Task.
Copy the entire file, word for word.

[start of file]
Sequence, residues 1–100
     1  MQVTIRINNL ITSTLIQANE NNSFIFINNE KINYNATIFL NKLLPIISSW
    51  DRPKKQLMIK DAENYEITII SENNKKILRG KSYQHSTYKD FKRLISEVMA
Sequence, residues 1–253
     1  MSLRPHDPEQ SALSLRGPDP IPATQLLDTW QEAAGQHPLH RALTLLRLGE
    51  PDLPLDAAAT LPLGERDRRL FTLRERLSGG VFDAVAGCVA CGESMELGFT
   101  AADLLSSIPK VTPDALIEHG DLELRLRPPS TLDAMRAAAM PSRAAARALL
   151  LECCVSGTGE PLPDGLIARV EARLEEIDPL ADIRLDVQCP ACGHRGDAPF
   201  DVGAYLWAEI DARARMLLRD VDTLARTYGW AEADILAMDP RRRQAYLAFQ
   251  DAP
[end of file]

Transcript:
Sequence, residues 1–100
     1  MQVTIRINNL ITSTLIQANE NNSFIFINNE KINYNATIFL NKLLPIISSW
    51  DRPKKQLMIK DAENYEITII SENNKKILRG KSYQHSTYKD FKRLISEVMA
Sequence, residues 1–253
     1  MSLRPHDPEQ SALSLRGPDP IPATQLLDTW QEAAGQHPLH RALTLLRLGE
    51  PDLPLDAAAT LPLGERDRRL FTLRERLSGG VFDAVAGCVA CGESMELGFT
   101  AADLLSSIPK VTPDALIEHG DLELRLRPPS TLDAMRAAAM PSRAAARALL
   151  LECCVSGTGE PLPDGLIARV EARLEEIDPL ADIRLDVQCP ACGHRGDAPF
   201  DVGAYLWAEI DARARMLLRD VDTLARTYGW AEADILAMDP RRRQAYLAFQ
   251  DAP